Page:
Our portfolio-wide upgrade of service documents continues this month in the Business document folder with comprehensive re-writes of our business-to-consumer service agreement templates and with two new business-to-business service documents.
New Service Agreement with Companion Sub-Contractor Agreement
Many of the standard service contracts offered by Simply-Docs contain provisions allowing the service provider to sub-contract all or part of their obligations. Until now, however, the documents required to engage a sub-contractor stood apart and did not have terms exactly mirroring those in the service agreement.
New to the Simply-Docs Business portfolio this month are two new documents: a Service Agreement Allowing Sub-Contracting and a General Sub-Contractor Agreement.
The Service Agreement is, like many of our templates, designed to be broadly applicable to a range of different services with some details in the body of the document to be completed and the majority of the specifics left for you to complete in a series of schedules.
The Sub-Contractor Agreement is designed for use alongside the new Service Agreement. The clauses in each are designed to mirror and/or complement each other. In particular, the Sub-Contractor Agreement includes a provision to the effect that it will not come into force until the main contract does and will terminate automatically in the event that the main contract is terminated (subject, of course, to the obligation to make reasonable payment for any work already completed by the sub-contractor).
Although designed to work together, both documents may also be used as stand-alone contracts if required.
Please note that these documents are designed for use in business-to-business situations and that both their terms and terminology may make them unsuitable for use in many business-to-consumer transactions.
Updated Business-to-Consumer Service Agreements
Also this month we are publishing a substantial update to our Business-to-Consumer Service Agreements (in line with our earlier Terms and Conditions updates). Whilst technically an update, in that these document replace ones which we have offered for many years, these are all-new templates, written from the ground up in terms that have been designed to be as consumer-friendly as possible.
No longer are the contracts couched in heavy business and legal terms. They have not lost any of their legal and business effectiveness, but can now be easily read and interpreted by an average consumer.
The updated Service Agreements are suitable for use with a wide range of services and can thus be applied to most every-day service contracts.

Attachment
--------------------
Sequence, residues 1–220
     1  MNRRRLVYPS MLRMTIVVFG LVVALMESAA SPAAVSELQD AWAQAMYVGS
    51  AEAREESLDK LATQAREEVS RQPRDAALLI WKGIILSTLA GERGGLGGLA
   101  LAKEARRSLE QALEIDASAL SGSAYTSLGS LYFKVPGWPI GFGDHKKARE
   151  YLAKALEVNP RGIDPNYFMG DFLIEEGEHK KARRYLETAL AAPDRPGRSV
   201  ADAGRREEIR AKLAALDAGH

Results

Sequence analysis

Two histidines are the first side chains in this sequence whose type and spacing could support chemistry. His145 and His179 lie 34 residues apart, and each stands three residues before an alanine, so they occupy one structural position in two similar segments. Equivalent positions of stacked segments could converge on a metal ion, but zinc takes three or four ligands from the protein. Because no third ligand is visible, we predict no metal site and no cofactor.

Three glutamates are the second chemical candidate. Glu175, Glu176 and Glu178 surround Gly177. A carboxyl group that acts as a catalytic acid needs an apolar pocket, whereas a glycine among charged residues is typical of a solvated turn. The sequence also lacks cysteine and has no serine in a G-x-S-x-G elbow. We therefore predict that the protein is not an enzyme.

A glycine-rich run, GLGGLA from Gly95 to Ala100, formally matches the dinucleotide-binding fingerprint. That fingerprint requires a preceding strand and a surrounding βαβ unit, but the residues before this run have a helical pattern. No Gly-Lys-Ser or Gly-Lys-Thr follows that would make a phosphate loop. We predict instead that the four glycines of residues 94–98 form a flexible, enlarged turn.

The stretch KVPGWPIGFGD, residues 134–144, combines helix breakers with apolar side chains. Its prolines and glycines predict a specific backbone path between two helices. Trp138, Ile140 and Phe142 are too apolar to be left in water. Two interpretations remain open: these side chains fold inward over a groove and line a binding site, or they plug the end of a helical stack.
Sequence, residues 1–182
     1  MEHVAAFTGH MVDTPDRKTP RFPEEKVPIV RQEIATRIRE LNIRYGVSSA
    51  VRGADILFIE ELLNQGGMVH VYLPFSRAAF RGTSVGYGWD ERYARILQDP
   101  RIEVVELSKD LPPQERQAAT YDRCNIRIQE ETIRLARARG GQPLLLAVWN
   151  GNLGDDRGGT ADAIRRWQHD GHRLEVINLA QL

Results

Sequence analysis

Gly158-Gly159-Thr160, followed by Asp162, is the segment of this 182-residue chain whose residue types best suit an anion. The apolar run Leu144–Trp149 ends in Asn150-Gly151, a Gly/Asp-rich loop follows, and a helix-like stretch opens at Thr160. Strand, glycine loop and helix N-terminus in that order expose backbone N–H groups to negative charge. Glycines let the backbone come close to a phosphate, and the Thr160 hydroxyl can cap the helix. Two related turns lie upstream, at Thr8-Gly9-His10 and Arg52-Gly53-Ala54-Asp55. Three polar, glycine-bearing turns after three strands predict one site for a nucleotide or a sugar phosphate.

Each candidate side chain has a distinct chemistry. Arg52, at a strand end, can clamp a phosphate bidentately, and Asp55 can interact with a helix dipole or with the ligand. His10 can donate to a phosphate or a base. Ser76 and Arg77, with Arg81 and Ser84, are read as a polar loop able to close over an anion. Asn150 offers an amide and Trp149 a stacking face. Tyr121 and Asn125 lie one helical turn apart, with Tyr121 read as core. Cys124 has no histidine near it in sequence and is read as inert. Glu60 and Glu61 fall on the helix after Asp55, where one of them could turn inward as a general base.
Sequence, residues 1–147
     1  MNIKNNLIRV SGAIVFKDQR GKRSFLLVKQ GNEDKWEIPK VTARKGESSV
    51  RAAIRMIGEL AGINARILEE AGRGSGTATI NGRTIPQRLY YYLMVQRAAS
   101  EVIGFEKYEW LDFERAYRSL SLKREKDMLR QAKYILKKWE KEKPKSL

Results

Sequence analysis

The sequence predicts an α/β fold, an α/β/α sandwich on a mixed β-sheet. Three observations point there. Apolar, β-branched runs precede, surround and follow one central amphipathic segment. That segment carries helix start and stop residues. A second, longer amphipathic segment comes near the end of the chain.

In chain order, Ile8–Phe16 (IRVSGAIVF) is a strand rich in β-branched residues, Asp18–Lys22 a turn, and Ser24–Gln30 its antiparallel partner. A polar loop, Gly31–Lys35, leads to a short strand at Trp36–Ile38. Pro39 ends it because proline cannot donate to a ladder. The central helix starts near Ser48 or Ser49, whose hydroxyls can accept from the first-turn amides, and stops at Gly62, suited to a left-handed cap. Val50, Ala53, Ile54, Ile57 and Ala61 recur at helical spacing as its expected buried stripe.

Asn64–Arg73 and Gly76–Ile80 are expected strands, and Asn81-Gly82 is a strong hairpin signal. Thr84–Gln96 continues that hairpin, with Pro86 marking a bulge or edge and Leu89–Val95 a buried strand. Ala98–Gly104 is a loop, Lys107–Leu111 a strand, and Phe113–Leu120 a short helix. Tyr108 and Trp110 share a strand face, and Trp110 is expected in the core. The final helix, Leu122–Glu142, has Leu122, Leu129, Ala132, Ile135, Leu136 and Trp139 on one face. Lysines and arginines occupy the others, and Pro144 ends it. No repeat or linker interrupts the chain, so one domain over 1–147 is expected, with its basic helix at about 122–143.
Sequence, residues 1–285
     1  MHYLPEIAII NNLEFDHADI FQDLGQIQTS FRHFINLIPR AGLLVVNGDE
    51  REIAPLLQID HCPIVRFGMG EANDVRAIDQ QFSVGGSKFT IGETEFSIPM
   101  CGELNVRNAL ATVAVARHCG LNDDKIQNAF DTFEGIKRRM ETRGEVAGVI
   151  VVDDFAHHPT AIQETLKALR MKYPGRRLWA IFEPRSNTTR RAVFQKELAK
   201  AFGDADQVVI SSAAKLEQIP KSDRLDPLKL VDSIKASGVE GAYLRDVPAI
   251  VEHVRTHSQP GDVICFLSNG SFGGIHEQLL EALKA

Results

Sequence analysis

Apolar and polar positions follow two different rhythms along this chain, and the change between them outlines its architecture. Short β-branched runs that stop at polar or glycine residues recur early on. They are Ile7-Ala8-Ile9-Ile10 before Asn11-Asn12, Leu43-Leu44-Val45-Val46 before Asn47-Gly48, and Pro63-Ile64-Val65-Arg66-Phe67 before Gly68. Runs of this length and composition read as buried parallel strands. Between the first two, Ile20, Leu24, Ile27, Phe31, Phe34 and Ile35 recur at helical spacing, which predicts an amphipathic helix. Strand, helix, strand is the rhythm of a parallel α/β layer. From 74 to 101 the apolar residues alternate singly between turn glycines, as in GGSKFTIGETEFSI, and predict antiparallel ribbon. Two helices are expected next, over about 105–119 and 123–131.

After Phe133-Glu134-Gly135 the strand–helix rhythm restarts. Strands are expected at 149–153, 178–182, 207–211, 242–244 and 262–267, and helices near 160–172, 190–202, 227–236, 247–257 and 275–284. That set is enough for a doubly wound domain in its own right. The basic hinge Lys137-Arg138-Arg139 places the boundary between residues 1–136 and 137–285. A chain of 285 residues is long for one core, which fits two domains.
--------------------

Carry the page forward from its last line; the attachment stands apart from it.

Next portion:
The variants in question include:
1) A standard version offering the most flexible and generic terms.
2) A version which covers services that will result in the creation or production of intellectual property rights. Options within the document enable the service provider to either licence or assign those rights to the customer.
3) A version designed for use in situations where the services will be provided within a larger project, requiring the service provider to work alongside other contractors.
4) A version designed for use in projects that are divided into milestones with payments falling due for the successful completion of each milestone.
Key Legal Points
There are a number of important legal points to be aware of when contracting with consumers. In service contracts, the most important laws to be aware of are:
- The Consumer Protection from Unfair Trading Regulations 2008, prohibiting misleading or aggressive sales practices;
- The Supply of Goods and Services Act 1982, requiring that, among other things, goods and services are provided to consumers with reasonable care and skill;
- The Unfair Contract Terms Act 1977, prohibiting terms that excessively limit or exclude the seller’s liability;
- The Unfair Terms in Consumer Contracts Regulations 1999, providing further protection for consumers by, for example, ensuring good faith and avoiding significant imbalance in the rights of the parties.
It is important for all service providers to be aware of their obligations and the rights of their customers. The new Business-to-Consumer Service Contract Templates have been written with these laws in mind.
The contents of this Newsletter are for reference purposes only and do not constitute
legal advice. Independent legal advice should be sought in relation to any specific